Sheffield toddler with dairy allergy died after eating lactose-free yoghurt which parents thought was safe

A three-year-old boy from Sheffield with a severe allergy to dairy died after being fed a lactose-free yoghurt by his mother on what she believed was advice from a nutritionist, an inquest has heard.

Tuesday, 19th January 2021, 5:20 pm

Haruum Abdy, who also had asthma and eczema, became seriously unwell just minutes after ingesting a small amount of the yoghurt on September 17, 2017.

The youngster was given an inhaler and EpiPen but after not responding to treatment was rushed to Sheffield Children’s Hospital where he was pronounced dead at 5:13pm, with tests showing he suffered a fatal anaphylatic reaction to the lactose-free product.

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Sheffield Coroner's Court, where the inquest was held

During an inquest at Sheffield's Medico Legal Centre, assistant coroner Katy Dickinson heard how Haruum, of Mount Street, Sharrow, had been diagnosed with a severe milk and egg allergy in 2015 and was at risk of anaphylaxis if he became exposed to enough of either.

He was well known to the allergy service at Sheffield Children's Hospital.

Giving evidence at Monday’s inquest Dr Nicola Jay, a pediatric allergist at Sheffield Children’s Hospital, told how Haruum’s parents always followed the advice given by the service which included information on lactose-free products.

She said: “Every consultation that we have with every child that has a milk allergy, the nurses go through milk avoidance advice.

“In that it talks very much about the difference between the milk sugar, which is lactose, and the milk protein telling how the allergy is to the milk protein so it would be completely unsuitable for any child to have lactose free products. We go through that each time they come.”

However, Haruum's parents disputed this in court and said they never received such advice.

They also questioned why the youngster was not referred to a dermotologist for his eczema – a key factor in them seeking further help from nutritionist Mohamed Yasin Ahmed at his private natural healing clinic in Birmingham.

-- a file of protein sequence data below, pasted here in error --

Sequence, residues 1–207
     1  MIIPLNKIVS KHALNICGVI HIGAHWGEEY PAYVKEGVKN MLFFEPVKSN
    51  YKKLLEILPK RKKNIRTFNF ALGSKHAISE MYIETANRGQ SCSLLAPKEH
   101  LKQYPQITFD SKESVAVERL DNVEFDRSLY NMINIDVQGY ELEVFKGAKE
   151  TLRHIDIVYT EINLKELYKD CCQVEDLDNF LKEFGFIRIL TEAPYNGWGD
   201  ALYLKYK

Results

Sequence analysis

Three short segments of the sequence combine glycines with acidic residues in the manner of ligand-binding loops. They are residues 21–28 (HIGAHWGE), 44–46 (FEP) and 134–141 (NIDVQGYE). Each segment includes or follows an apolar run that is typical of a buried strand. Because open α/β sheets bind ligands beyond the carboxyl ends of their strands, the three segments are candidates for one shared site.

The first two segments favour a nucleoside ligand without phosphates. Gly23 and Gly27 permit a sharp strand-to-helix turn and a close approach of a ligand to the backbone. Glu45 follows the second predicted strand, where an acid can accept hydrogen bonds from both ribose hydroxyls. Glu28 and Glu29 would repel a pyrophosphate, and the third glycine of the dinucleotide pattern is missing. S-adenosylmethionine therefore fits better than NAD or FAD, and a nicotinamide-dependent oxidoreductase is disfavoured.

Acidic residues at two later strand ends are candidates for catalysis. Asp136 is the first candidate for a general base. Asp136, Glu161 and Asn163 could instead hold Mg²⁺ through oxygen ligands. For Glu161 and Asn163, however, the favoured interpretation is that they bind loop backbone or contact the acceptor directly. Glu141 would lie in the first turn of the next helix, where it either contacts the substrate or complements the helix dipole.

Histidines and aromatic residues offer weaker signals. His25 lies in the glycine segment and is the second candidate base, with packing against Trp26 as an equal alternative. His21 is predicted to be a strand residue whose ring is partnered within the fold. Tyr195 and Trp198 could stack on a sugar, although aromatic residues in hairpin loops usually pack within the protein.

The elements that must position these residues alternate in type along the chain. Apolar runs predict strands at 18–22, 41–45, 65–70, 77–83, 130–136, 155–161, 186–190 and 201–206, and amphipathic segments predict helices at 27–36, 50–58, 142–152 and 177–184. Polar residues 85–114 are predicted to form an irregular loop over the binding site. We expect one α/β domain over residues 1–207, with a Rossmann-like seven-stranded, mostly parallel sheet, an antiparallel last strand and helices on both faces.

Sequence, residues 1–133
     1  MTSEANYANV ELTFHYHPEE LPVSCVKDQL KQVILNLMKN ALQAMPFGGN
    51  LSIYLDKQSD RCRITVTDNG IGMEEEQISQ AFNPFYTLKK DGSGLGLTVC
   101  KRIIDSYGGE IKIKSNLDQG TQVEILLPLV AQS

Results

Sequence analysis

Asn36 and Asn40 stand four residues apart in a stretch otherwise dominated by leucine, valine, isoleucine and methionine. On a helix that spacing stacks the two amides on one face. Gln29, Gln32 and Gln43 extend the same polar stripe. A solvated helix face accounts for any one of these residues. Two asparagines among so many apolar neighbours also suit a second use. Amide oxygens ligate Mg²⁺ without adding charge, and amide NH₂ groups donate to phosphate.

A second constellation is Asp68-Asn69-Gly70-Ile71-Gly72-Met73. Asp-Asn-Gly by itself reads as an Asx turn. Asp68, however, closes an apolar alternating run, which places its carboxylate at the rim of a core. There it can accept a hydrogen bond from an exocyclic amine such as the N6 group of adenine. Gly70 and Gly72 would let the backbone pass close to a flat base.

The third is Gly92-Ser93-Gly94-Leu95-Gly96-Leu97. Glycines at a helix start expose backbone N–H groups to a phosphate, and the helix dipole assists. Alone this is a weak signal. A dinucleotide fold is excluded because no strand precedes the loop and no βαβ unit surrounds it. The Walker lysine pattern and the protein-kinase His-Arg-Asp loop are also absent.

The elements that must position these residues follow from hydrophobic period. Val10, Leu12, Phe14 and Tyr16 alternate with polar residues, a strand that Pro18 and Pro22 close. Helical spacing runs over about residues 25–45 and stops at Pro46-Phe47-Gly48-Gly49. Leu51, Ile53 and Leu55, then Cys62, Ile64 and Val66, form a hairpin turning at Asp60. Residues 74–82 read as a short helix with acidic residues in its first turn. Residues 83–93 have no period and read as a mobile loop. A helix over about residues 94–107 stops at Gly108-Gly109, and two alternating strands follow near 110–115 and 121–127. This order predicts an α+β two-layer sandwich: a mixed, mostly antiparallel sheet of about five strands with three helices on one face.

The inquest heard how Mr Ahmed, who did not give his company name, saw the family on September 16, 2017, just a day before Haruum’s death.

He conducted ‘food intolerance’ tests on Haruum but said he never mentioned lactose-free products as they could have potentially been dangerous for the youngster.

Haruum’s parents disagreed with this information, telling the inquest how they thought Mr Ahmed was a qualified doctor and “trusted” his abilities as there were other children in his clinic.

It was also claimed he advised on where to buy the lactose-free products in question.

Speaking at the inquest, Detective Sergeant Adrienna Sheekey explained how Mr Ahmed had been questioned in the investigation but no charges were brought.

Recording a narrative conclusion into Haruum’s death, Ms Dickinson said: “Master Abdy died on September 17, 2017 at the Sheffield Children’s Hospital. He had been diagnosed with a food allergy in 2015. He was given lactose-free yoghurt on September 17, 2017, which caused anaphylaxis and subsequent death.

"The family had sought nutritional advice the day before and understood that this was a safe food to provide, this was incorrect.”

Addressing Haruum’s loved ones in the court, she added: “I’m really sorry that you’ve lost your little boy, it’s a horrible thing to have gone through... you must miss him very much.”

In these confusing and worrying times, local journalism is more vital than ever. Thanks to everyone who helps us ask the questions that matter by taking out a digital subscription or buying a paper. We stand together. Nancy Fielder, editor.